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Development. 2019 Aug 6;146(19). pii: dev179432. doi: 10.1242/dev.179432.

HNF4 factors control chromatin accessibility and are redundantly required for maturation of the fetal intestine.

Author information

1
Department of Genetics, Human Genetics Institute of New Jersey, Rutgers University, Piscataway, NJ 08854, USA.
2
Rutgers Cancer Institute of New Jersey, New Brunswick, NJ 08903, USA.
3
Department of Internal Medicine, Gastroenterology, University of Michigan Medical School, Ann Arbor, MI 48109, USA.
4
Department of Cell and Developmental Biology, University of Michigan Medical School, Ann Arbor, MI 48109, USA.
5
Department of Biomedical Engineering, University of Michigan College of Engineering, Ann Arbor, MI, USA.
6
Center for Organogenesis, University of Michigan Medical School, Ann Arbor, MI 48109, USA.
7
Department of Genetics, Human Genetics Institute of New Jersey, Rutgers University, Piscataway, NJ 08854, USA verzi@biology.rutgers.edu.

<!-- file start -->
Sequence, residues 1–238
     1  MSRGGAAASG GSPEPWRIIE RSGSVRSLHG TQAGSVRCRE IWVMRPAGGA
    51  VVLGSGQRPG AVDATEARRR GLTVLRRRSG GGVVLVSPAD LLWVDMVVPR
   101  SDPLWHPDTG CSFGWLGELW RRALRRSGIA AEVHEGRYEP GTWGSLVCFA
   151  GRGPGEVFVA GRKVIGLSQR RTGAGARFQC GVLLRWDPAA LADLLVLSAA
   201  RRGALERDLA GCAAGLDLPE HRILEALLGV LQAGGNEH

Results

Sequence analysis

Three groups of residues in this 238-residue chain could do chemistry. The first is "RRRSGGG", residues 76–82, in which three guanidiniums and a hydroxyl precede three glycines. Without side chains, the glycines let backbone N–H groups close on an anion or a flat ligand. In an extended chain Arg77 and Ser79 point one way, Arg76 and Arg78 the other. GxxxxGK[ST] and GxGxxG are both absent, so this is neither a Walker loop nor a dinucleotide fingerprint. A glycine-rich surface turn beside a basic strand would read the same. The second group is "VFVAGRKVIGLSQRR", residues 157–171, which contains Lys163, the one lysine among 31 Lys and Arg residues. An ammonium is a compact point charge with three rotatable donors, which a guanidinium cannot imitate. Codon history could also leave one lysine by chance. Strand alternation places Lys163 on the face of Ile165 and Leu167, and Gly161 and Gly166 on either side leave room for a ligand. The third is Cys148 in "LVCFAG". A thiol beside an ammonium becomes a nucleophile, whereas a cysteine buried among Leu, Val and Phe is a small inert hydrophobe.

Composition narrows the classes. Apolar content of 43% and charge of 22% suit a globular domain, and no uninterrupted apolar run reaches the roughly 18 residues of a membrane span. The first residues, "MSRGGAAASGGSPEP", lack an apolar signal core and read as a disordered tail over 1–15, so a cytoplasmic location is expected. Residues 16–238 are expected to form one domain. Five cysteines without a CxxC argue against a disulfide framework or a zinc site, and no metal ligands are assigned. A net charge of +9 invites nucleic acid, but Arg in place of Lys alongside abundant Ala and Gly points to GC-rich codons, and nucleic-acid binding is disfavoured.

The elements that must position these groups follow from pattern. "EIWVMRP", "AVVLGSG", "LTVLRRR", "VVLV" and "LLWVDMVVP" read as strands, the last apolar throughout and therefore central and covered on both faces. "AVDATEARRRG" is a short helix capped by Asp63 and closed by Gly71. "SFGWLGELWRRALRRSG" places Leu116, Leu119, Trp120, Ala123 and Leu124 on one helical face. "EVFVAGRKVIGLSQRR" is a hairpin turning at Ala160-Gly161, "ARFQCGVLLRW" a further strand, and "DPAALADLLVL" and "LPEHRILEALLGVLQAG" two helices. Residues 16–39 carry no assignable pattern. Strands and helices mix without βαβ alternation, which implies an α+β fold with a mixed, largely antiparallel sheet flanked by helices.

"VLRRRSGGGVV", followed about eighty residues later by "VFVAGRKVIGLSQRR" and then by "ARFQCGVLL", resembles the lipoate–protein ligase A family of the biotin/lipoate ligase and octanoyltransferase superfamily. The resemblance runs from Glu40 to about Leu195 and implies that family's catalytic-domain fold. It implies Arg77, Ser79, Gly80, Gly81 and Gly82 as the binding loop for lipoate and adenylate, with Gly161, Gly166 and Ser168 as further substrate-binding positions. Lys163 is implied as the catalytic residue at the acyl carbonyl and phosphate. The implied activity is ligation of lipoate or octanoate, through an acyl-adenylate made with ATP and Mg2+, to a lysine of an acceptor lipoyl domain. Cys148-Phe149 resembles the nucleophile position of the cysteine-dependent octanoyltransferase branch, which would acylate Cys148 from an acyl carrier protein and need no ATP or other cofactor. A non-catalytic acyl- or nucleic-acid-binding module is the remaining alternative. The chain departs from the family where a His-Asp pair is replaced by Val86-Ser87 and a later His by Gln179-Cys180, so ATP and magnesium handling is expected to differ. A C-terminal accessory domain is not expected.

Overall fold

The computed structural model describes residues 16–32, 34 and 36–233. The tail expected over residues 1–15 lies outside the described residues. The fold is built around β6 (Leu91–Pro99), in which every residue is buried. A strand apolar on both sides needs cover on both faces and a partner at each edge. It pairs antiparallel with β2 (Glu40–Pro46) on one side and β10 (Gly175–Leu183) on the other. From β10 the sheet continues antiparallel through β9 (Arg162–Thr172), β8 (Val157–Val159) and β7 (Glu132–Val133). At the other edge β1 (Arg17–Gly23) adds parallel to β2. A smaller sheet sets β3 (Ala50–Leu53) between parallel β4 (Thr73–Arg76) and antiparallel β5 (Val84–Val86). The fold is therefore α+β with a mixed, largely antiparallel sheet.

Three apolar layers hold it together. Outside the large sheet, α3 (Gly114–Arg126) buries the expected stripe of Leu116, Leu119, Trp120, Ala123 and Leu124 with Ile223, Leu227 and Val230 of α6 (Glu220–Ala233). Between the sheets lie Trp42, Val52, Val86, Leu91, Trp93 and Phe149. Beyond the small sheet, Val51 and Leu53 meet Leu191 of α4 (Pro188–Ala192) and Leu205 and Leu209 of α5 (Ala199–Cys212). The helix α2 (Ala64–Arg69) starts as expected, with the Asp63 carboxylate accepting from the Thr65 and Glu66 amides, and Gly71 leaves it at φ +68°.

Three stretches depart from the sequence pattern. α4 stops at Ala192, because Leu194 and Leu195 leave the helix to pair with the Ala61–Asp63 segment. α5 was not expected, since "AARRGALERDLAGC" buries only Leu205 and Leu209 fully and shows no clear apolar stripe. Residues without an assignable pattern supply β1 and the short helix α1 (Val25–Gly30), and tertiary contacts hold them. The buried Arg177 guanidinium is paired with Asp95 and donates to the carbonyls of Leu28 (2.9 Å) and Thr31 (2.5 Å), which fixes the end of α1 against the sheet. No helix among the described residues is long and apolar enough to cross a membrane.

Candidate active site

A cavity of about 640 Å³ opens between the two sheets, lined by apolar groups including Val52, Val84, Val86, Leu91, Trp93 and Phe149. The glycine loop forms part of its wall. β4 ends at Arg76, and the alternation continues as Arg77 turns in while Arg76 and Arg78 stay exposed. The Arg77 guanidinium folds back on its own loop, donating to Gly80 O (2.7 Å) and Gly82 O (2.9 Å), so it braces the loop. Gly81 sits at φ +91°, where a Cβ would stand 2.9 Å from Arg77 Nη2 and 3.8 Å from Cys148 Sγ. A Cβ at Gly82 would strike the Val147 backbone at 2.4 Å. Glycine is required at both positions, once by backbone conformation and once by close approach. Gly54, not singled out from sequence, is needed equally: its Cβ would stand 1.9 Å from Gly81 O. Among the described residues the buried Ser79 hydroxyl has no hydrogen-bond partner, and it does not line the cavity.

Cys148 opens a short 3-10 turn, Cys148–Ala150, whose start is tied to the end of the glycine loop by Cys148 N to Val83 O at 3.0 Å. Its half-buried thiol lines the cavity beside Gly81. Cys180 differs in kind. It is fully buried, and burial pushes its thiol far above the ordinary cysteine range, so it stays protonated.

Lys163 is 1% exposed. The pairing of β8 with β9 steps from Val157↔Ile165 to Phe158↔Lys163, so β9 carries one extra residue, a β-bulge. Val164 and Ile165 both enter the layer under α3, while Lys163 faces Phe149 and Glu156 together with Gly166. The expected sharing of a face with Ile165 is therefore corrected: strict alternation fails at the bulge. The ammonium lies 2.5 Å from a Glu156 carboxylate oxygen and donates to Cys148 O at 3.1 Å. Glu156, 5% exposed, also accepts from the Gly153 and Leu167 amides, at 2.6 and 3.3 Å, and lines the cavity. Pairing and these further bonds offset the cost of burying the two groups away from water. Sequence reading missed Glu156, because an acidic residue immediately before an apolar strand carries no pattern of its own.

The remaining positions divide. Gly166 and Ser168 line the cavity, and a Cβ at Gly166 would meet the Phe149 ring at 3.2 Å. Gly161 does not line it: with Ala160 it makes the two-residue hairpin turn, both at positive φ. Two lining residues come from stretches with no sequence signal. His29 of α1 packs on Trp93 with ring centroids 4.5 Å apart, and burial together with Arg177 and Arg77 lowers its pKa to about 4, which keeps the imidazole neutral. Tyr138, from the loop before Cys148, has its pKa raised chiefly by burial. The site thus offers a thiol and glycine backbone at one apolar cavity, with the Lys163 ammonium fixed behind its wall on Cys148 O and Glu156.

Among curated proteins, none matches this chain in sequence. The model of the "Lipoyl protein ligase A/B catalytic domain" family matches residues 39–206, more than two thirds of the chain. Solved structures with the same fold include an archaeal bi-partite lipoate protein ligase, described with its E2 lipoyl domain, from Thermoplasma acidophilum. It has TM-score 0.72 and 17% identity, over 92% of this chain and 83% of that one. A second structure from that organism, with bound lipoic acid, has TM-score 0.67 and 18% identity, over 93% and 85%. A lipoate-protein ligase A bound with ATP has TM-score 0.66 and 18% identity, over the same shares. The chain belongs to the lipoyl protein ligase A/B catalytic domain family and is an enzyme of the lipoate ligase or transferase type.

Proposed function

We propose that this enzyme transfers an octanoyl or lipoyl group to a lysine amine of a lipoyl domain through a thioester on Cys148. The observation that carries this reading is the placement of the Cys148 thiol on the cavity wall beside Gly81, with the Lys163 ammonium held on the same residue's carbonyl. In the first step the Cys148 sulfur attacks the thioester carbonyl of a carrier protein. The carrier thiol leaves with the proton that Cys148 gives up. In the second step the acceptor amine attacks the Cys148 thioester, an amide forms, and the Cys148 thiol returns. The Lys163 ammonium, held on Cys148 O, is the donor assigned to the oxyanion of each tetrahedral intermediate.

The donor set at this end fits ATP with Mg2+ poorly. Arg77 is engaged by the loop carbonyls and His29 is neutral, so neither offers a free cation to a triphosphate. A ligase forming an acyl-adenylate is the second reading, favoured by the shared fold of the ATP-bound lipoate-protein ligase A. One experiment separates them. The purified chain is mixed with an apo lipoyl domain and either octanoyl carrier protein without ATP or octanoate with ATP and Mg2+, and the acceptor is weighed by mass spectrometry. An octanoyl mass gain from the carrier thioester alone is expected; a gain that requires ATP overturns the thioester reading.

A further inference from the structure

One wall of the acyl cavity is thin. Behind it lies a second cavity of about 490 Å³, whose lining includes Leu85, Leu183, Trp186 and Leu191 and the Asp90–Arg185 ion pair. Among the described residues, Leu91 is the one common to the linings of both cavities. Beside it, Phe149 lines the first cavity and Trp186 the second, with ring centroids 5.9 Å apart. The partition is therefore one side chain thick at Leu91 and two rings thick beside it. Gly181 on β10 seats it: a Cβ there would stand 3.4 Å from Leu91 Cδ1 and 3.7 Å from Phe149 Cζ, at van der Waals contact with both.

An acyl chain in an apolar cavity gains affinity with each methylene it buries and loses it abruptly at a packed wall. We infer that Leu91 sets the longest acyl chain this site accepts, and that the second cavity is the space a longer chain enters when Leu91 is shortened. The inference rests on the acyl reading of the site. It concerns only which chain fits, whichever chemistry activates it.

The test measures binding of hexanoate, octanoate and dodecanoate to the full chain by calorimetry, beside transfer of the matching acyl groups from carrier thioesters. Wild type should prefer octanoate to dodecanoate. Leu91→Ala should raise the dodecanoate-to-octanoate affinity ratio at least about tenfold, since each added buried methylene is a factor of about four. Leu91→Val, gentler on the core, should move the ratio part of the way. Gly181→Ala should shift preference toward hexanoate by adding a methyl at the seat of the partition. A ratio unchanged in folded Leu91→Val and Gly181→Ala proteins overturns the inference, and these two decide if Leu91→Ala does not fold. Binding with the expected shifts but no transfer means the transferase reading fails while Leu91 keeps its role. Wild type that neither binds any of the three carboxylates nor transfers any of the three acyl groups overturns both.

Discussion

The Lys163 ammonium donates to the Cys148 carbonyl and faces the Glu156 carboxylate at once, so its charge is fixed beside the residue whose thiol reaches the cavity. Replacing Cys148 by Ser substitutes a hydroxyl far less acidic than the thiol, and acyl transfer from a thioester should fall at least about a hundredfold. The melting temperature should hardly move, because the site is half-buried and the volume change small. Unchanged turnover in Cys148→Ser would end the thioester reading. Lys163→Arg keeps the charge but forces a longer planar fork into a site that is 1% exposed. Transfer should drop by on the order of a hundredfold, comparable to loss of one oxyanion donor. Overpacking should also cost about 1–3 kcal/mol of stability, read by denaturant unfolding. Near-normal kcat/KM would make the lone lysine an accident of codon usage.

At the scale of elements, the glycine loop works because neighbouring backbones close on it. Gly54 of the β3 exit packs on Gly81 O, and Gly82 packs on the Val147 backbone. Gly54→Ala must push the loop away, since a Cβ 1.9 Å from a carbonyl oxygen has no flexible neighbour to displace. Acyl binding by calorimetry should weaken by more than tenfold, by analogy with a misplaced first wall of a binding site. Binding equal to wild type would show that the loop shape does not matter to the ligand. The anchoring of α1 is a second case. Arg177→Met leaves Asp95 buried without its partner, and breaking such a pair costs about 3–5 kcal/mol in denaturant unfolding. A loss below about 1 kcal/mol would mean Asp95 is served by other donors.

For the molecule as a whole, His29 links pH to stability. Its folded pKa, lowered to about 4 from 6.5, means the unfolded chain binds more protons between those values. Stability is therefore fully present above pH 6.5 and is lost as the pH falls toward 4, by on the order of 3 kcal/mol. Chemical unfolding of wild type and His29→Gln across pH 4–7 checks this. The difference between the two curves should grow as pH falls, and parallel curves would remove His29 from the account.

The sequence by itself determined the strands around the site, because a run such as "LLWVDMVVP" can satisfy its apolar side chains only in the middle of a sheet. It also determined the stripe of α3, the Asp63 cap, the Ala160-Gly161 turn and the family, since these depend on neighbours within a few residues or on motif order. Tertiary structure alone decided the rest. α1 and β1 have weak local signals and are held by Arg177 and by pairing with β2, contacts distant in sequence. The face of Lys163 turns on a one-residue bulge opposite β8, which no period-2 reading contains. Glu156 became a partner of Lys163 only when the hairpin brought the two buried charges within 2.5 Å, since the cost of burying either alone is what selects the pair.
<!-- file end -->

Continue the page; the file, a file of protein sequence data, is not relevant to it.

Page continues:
Abstract

As embryos mature, cells undergo remarkable transitions that are accompanied by shifts in transcription factor regulatory networks. Mechanisms driving developmental transitions are incompletely understood. The embryonic intestine transitions from a rapidly proliferating tube with pseudostratified epithelium prior to murine embryonic day (E) 14.5 to an exquisitely folded columnar epithelium in fetal stages. We sought to identify factors driving mouse fetal intestinal maturation by mining chromatin accessibility data for transcription factor motifs. ATAC-seq accessible regions shift during tissue maturation, with CDX2 transcription factor motifs abundant at chromatin-accessible regions of the embryo. Hepatocyte nuclear factor 4 (HNF4) transcription factor motifs are the most abundant in the fetal stages (>E16.5). Genetic inactivation of Hnf4a and its paralog Hnf4g revealed that HNF4 factors are redundantly required for fetal maturation. CDX2 binds to and activates Hnf4 gene loci to elevate HNF4 expression at fetal stages. HNF4 and CDX2 transcription factors then occupy shared genomic regulatory sites to promote chromatin accessibility and gene expression in the maturing intestine. Thus, HNF4 paralogs are key components of an intestinal transcription factor network shift during the embryonic to fetal transition.

KEYWORDS:

Chromatin; Developing intestine; HNF4 transcription factors; Maturation

PMID:
31345929
DOI:
10.1242/dev.179432

Conflict of interest statement

Competing interestsThe authors declare no competing or financial interests.

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